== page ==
Here's Why Phillips 66's Stock Rallied Sharply in September

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What happened

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Several catalysts combined to drive shares of Phillips 66 (NYSE: PSX) 8.5% higher in September, which helped pull it out of the red for the year. Leading the charge was the company's quick recovery from Hurricane Harvey, which benefited certain refiners, and the announcement of a significant asset drop-down to its MLP Phillips 66 Partners (NYSE: PSXP).

So what

Hurricane Harvey battered the Houston area in late August, causing significant flooding and forcing many oil refineries to shut down operations. However, Phillips 66 quickly reopened its Sweeney refinery and Beaumont terminal, which enabled it to take advantage of higher market prices for refined products in the aftermath of the storm. Meanwhile, the company's Lake Charles refinery in Louisiana took delivery of oil from the U.S. Strategic Petroleum reserve so it could continue operating at full capacity and help keep the market supplied with refined products. Because of these factors, Phillips 66's third-quarter earnings could see a boost due to the jump in refining margins as a result of the storm.

In addition to all that storm-related activity, Phillips 66 found time to agree to the largest drop-down transaction to date with its MLP. The company sealed a deal to sell its 25% interest in the Bakken Pipeline and its Merey Sweeny unit to Phillips 66 Partners for $2.4 billion. Under the terms of the deal, Phillips 66 will receive about $1.5 billion in cash and $240 million of Phillips 66 Partners' units, while the MLP will also assume $625 million of existing debt. As such, the transaction will bolster Phillips 66's balance sheet, while providing it with significant cash proceeds.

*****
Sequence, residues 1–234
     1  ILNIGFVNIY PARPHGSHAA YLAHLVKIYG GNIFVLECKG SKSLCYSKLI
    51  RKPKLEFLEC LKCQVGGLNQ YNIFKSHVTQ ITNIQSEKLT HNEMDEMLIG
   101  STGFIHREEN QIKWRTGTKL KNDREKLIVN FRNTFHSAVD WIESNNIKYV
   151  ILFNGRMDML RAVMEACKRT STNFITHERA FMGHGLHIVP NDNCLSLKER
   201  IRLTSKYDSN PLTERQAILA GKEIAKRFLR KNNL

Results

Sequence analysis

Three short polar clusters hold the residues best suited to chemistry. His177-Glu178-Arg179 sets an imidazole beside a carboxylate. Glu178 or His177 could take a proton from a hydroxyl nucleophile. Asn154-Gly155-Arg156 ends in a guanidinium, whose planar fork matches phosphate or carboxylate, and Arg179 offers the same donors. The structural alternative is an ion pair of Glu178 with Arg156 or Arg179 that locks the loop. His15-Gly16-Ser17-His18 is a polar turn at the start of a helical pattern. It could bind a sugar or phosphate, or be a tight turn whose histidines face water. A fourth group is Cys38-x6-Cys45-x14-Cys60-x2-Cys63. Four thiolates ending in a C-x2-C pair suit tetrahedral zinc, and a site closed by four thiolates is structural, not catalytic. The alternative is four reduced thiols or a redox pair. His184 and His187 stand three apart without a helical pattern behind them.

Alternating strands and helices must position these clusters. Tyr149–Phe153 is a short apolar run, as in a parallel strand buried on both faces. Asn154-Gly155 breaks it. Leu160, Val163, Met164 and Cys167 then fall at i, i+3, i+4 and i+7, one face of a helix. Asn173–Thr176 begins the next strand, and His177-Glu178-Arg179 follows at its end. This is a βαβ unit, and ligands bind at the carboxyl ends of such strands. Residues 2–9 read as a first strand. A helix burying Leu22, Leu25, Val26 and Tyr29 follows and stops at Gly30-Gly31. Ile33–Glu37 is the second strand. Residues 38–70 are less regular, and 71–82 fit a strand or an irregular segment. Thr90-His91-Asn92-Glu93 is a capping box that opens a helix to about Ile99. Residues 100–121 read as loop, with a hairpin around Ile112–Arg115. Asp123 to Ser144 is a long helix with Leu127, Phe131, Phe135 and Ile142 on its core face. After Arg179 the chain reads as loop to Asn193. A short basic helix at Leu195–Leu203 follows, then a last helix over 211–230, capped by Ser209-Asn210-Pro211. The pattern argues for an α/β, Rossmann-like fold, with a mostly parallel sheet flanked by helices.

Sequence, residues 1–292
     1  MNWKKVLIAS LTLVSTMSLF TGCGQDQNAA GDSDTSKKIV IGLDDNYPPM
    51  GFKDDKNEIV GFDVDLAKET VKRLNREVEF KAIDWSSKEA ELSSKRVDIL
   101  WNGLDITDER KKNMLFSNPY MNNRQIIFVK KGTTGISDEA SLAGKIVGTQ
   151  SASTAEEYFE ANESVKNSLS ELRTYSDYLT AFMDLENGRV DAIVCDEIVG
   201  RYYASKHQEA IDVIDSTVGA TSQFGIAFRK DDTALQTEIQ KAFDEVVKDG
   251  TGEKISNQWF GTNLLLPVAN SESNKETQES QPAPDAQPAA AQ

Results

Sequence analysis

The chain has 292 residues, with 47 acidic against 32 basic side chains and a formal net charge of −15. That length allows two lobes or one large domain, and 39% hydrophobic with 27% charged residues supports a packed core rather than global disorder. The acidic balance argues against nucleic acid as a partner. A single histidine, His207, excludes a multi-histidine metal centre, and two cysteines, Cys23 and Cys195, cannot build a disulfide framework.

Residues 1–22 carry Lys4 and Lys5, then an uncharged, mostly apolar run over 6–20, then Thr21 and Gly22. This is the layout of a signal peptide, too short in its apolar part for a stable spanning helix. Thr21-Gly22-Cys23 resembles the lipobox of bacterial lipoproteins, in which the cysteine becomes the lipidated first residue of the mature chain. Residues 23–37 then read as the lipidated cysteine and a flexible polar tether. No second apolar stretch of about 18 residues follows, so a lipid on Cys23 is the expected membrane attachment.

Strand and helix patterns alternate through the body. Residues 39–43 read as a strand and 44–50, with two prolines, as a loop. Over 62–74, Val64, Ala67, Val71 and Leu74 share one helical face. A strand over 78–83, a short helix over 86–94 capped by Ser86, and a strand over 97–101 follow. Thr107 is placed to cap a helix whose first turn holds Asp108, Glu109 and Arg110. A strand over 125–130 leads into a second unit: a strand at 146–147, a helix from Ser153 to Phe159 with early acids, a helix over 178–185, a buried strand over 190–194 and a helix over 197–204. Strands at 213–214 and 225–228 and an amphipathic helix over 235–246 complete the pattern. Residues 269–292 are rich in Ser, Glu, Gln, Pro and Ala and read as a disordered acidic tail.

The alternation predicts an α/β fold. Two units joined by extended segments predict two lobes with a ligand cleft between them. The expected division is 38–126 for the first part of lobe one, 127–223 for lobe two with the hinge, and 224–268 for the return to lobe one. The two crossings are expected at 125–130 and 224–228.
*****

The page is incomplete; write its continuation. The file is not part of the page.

That cash windfall is coming at a time when Phillips 66 is about to experience a meaningful uptick in free cash flow due to the upcoming completion of several major projects. That expected cash flow surge led an analyst at Scotia Howard Weil to upgrade the stock from sector perform to outperform while boosting the price target from $86 to $98. The analyst saw the expected boost in cash flow as a catalyst that should drive Phillips 66's stock higher in the near-term. 

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Now what

While Phillips 66's stock jumped last month, the company could continue moving higher. That's because the combination of the near-term margin boost from Harvey, along with the cash proceeds from Phillips 66 Partners, and the rising cash flow from its upcoming growth projects should give the company a significant amount of money that it can return to shareholders over the next year. Because of that, it's highly likely that Phillips 66 will give investors another considerable dividend increase and buy back a boatload of stock, which could fuel further gains in the stock price.

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Matthew DiLallo owns shares of Phillips 66. The Motley Fool has no position in any of the stocks mentioned. The Motley Fool has a disclosure policy.